Sept. 26, 2010 —Twenty-sixth Sunday in Ordinary Time
What kind of steward are you? The Gospel reading from Luke 16 really challenges us. Oh, we may try to get around it by maintaining that we aren’t stewards, that we’ve never committed ourselves to the practice of stewardship. But, like it or not, you are a steward. You are responsible to God for how you use what he has entrusted to you. You may be a good steward, or a bad steward, or a mediocre steward, but you are a steward. So, what kind of steward are you?
One of the challenges in Luke 16 is that the passage makes a connection between sin and the type of stewardship we practice. If you don’t see the connection, it’s probably because most of us have been given a limited understanding of sin.
We usually think of sins as the bad things people do, such as stealing, sexual sins, and murder. If we think about it a little more, we may add other examples like gossiping, lying, and excessive gambling.
But when we get down to it, what is sin? According to the Catechism of the Catholic Church, “Sin is an offense against reason, truth, and right conscience; it is failure in genuine love for God and neighbor caused by a perverse attachment to certain goods. It wounds the nature of man and injures human solidarity” (1849). And in explaining the different kinds of sins, the Catechism goes on to teach us, “Sins can be distinguished… as sins in thought, word, deed, or omission” (1853).
And that last kind is what the rich man in the Parable of the Rich Man and Lazarus was guilty of, sins of omission. Jesus did not say that the Rich Man (usually called Dives, from the Latin for “rich man”) had harmed poor Lazarus in any way. He had not stolen from him or cheated him. There is no hint that Dives ordered his servants to drive Lazarus from the doorway or threatened him. Apparently Dives ignored Lazarus – and that was his sin.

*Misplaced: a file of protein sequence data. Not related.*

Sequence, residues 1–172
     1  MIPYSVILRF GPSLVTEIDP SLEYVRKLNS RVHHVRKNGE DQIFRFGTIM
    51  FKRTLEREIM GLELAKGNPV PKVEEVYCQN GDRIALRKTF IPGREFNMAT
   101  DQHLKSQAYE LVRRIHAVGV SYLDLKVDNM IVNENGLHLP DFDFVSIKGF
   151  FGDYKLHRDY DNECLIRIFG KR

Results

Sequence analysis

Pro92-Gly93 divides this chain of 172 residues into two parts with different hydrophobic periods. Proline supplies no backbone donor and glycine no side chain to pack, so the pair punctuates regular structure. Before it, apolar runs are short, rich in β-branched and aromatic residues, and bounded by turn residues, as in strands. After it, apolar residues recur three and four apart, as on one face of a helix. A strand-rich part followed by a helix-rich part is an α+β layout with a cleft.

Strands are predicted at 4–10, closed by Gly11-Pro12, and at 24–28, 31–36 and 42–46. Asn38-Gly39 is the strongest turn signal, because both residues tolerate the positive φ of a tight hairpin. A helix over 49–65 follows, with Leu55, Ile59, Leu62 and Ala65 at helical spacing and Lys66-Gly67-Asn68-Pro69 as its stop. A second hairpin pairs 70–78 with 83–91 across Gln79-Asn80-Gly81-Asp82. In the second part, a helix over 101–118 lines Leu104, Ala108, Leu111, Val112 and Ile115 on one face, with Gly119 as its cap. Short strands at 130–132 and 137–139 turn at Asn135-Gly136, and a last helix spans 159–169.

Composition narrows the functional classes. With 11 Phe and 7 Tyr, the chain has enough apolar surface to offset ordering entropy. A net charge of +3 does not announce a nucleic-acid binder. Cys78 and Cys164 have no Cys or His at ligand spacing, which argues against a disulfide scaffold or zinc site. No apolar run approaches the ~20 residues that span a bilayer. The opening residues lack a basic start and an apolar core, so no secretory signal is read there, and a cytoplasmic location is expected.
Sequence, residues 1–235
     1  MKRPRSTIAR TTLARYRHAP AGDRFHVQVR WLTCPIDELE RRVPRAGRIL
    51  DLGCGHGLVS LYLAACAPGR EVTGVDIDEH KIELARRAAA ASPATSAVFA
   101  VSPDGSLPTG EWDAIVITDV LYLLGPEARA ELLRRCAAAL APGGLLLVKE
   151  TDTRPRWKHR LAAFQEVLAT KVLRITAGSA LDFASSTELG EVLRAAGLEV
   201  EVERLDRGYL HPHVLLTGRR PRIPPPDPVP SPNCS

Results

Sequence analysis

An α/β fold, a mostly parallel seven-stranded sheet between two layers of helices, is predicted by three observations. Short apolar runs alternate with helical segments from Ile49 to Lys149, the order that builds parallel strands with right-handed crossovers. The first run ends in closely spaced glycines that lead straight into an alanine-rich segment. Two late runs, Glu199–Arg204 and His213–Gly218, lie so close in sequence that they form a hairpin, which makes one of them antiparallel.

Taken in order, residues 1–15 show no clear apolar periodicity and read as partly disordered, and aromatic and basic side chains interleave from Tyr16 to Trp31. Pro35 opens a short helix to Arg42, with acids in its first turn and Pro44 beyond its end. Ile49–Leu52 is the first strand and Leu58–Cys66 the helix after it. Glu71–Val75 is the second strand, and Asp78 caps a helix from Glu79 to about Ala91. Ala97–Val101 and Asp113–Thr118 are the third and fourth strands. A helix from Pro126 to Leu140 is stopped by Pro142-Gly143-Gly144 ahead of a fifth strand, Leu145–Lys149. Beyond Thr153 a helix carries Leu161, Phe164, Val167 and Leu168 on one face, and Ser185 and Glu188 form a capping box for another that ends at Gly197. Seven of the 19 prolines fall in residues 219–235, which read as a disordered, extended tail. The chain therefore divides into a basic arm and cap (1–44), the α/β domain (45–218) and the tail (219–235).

Dives was rich, very rich if he “dressed in purple garments and fine linen” as well as dining “sumptuously each day.” He could easily afforded occasionally giving some food to Lazarus, who would have appreciated the leftovers from Dives’s meals or even the sweepings of the scraps that fell on the floor, but he was offered nothing.
Dives was indeed guilty of sin, not the sins of commission (the bad things we do in thought, word, or deed) but the sin of omission, omitting doing the good we can. He could easily have done good to Lazarus but didn’t bother. He was guilty of a “failure in genuine love for God and neighbor.” His lack of caring injured “human solidarity,” to use the Catechism’s phrase. And so self-centered was Dives that he apparently didn’t even think of his brothers until after he had died and it was too late.
So what about us? Are we good stewards with the time, the talent, and the treasure God has given us? Do we use them to serve God and his Church and other people – our family and friends and neighbors and the wider human community?
Jesus did not intend this parable to teach us that it’s wrong to have decent clothes and delicious food. It is reasonable to have a comfortable home, and we need time for relaxation and refreshment.
But it is wrong – sinful – to keep all that’s entrusted to us for our own enjoyment. It’s wrong to omit doing good because we can’t be bothered. For our own spiritual health, we need to use some of our time, share the fruits of our talent, and offer a portion of our treasure for others. Unless we do, we become like Dives and are guilty of the sin of omission, of not doing the good we can. And we’ll be judged to have been very poor stewards indeed.